NATO phonetic alphabet, codes and signals

  • 21 Dec. 2017 -
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  • Last updated: 19 Jan. 2018 08:00

The ability to communicate and make yourself understood can make a difference in life-threatening situations – imagine for example that you are trying to alert a search and rescue helicopter of the position of a downed pilot.

To ensure clear communication, NATO uses a number of well-known formats which are in general use. NATO standardization agreements enable forces from many nations to communicate in a way that is understood by all.

NATO phonetic alphabet, flags and signals. Click on the image to see a larger version.

If you have ever said "Bravo" to mean "B" when speaking on the phone for instance, then you have used one of the most recognised standards, the NATO phonetic alphabet. However, while the phonetic alphabet is widely used and ships still use flag signals to communicate, other standards such as Morse code have become practically obsolete. Not completely though: in certain situations NATO still encodes messages via Morse using light-flashes and other visual signals because they are difficult to detect electronically.

Some standards can be found in everyday civilian and military life. "Bravo Zulu", typically signalled with naval flags on ships at sea and meaning "well done" is also commonly used in written communication by the military, for example by replying "BZ" to an email. Another standard – semaphore – inspired the peace sign. The symbol is a combination of the letters "N" and "D" (for nuclear disarmament).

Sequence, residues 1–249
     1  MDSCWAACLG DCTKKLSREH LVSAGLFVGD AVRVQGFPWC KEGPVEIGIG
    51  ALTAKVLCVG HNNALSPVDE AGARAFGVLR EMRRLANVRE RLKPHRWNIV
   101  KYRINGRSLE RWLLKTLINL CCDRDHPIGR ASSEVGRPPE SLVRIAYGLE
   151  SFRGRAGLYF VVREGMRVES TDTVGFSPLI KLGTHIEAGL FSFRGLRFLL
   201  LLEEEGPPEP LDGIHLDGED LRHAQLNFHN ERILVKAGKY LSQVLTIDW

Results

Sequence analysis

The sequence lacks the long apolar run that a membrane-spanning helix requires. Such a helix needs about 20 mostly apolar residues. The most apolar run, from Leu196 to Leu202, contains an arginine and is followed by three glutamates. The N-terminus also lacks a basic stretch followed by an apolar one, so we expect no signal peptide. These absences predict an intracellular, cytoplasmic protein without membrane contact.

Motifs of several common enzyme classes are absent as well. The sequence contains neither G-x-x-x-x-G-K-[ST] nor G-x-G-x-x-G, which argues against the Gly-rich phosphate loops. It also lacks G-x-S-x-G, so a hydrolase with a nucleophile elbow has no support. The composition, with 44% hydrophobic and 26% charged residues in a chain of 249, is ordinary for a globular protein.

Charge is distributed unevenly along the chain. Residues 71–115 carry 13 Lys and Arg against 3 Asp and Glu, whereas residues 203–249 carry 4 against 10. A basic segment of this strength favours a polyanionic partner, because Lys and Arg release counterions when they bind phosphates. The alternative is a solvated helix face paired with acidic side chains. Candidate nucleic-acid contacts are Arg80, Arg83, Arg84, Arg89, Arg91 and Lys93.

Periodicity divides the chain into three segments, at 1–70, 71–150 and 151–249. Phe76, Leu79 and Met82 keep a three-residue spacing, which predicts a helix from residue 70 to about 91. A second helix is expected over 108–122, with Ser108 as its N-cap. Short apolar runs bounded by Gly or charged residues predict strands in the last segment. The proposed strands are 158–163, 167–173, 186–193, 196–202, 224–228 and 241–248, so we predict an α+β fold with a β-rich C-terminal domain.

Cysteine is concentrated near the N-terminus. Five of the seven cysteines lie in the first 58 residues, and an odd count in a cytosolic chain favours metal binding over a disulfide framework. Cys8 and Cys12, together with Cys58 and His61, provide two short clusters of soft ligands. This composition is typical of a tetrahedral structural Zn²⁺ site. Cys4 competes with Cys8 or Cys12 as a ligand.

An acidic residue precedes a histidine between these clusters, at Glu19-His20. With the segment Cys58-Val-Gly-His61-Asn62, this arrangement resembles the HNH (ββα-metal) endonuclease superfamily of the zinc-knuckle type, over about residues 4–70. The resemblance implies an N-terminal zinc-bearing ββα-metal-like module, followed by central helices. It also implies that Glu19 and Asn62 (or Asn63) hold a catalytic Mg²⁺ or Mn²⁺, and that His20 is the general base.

Phonetic alphabet

William Turner's painting of HMS Victory at Trafalgar, with the signal flags highlighted. Source: Wikipedia

The NATO phonetic alphabet is useful to prevent spelling mistakes or miscommunication, especially when people from different countries with different accents and pronunciations work together. The NATO alphabet became effective in 1956 and, a few years later, turned into the established universal phonetic alphabet for all military, civilian and amateur radio communications. It assigns a word to each letter so that a letter's name begins with the letter itself.

International Morse Code

Morse code transmits text through on-off tones, light-flashes or clicks. It was widely used in the 1890s for early radio communication, before it was possible to transmit voice. Because Morse code has a long range, it was also used to transmit the international maritime emergency frequency (500 kHz), which was monitored by NATO ships at sea until the late 1990s. The SOS distress signal (...---...) is probably the best known message in Morse code.

Flaghoist communication

Ships use flags as signals to send out messages to each other. The use of flags, known as flaghoist communication, is a fast and accurate way to send information in daylight. Used individually or in combination, flags can form any sentence. One famous example is "England expects that every man will do his duty", a signal sent by Vice Admiral Horatio Nelson from his flagship during the Battle of Trafalgar in 1805.

A US Navy officer signals with semaphore flags during a replenishment at sea aboard a US aircraft carrier. Source: Mate Airman Javier Capella, US Navy


Semaphore is a system in which a person sends information at a distance using hand-held flags – depending on the position of the flags, the message will vary. The signaller holds the flag in different positions that represent letters or numbers.

Panel signalling

Panels are visual signals for sending simple messages to an aircraft. Using a limited code, ground forces can send messages to pilots, for example to request medical supplies.